10 Wednesday AM Reads

My mid-week morning train WFH reads:

The Covid Economy Carves Deep Divide Between Haves and Have-Nots Comeback since start of pandemic is kind to those who can work from home, to firms serving them and to regions hospitable to them. Many others are left behind. (Wall Street Journal)
Inside the airline industry’s meltdown: Coronavirus has hit few sectors harder than air travel, wiping out tens of thousands of jobs and uncountable billions in revenue. While most fleets were grounded, the industry was forced to reimagine its future  (The Guardian)
The pandemic could end Texas’s oil boom—and start something better Profits from the Permian Basin are falling and renewable energy is surging. Here’s what that means for the Lonestar State’s future. (Popular Science)
How Coronavirus Changed the Retail Landscape: From foot traffic to profit margins, the story of the retail reckoning in charts (WSJ)
Facebook bans QAnon (again) Details of how well the company will enforce the new ban remain unclear (Recode) see also Facebook to Ban QAnon Groups and Pages Social-media company says policy change reflects greater understanding of QAnon messaging; individual users can still post about movement (WSJ)
How podcasting became a new front in the streaming wars: The likes of Spotify see a chance to differentiate in a world where all music services offer access to roughly the same product (Financial Times)
A Common Plant Virus Is an Unlikely Ally in the War on Cancer Researchers have seen promising results by injecting dog and mouse tumors with the cowpea mosaic virus. Now they’re aiming for a human trial. (Wired)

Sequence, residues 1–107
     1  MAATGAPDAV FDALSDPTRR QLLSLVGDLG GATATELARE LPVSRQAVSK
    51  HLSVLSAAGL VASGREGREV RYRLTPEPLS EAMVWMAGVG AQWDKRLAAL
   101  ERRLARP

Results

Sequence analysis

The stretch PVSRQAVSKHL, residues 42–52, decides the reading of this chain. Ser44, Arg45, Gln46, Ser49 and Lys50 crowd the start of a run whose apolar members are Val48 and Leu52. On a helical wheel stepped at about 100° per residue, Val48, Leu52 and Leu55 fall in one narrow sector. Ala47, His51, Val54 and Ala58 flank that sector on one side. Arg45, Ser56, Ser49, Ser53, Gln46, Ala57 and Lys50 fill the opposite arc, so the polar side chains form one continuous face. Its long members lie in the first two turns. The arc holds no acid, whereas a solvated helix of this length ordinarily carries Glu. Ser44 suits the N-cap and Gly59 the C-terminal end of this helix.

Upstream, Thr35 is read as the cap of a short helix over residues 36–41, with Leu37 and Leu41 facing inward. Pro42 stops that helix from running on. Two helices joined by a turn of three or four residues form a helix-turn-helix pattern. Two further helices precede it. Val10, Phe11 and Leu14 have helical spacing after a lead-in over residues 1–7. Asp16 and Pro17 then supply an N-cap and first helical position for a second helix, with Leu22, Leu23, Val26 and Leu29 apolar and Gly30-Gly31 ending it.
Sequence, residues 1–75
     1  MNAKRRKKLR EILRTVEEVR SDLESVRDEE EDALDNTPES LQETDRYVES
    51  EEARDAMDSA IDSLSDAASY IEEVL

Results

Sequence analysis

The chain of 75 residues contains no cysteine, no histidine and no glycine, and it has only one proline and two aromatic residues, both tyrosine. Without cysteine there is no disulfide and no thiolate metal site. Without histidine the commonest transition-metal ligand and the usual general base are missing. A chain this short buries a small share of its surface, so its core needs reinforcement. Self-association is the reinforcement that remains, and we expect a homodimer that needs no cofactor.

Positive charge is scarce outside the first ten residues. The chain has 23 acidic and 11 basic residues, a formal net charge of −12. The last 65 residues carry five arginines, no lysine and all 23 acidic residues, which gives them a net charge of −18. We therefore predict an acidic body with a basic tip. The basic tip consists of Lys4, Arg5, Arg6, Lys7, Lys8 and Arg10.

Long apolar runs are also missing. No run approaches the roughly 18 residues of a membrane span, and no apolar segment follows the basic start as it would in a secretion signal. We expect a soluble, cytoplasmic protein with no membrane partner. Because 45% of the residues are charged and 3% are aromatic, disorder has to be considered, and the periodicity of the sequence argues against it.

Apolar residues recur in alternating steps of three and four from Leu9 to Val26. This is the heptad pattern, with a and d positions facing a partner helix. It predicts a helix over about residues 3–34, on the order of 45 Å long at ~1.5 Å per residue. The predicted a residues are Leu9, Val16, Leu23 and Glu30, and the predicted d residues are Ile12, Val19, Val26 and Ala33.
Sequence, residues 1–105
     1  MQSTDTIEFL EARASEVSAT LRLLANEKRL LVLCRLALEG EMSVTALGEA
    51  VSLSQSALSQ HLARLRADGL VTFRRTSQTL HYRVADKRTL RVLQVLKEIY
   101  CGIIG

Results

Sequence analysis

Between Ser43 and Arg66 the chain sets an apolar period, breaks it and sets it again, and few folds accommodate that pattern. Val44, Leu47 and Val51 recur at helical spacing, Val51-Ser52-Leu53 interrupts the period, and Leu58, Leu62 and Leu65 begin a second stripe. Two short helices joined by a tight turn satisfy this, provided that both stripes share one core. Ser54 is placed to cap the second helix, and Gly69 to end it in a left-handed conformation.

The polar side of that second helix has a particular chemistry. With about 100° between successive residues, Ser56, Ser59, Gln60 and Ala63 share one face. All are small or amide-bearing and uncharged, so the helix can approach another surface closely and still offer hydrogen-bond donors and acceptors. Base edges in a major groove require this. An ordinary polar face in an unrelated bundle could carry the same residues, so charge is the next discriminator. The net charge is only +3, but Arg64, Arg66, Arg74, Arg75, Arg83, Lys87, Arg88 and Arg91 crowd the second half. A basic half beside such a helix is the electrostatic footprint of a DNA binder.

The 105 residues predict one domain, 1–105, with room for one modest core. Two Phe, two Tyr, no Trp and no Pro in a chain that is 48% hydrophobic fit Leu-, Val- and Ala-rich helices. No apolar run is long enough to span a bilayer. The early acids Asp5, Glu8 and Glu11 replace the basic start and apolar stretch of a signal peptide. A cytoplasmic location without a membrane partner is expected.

What Happens When China Leads the World The policies and practices of the country’s dynasties offer insights into how modern Chinese leaders may wield their strength. (The Atlantic)
What people get wrong about herd immunity, explained by epidemiologists: There are two ways to reach herd immunity for Covid-19: the slow way, and the catastrophic way. (Vox)
The Army Rolls Out a New Weapon: Strategic Napping Because fatigue can corrode mission performance, a new physical training manual tells soldiers to grab 40 winks when they can, part of a new holistic approach to health in the ranks. (New York Times)

Be sure to check out our Masters in Business interview this weekend with Dave Portnoy, founder of Barstool Sports, now part of publicly traded Penn National Gaming. He is known for not only sports related content, but his reviews every pizza place in NYC (“One Bite With Davey Pageviews).” When live sporting events and gambling got cancelled, he became “Davey Day Trader,”  inspiring an “Army of Day Traders.”


The Covid Economy Carves Deep Divide Between Haves and Have-Nots

Source: Wall Street Journal


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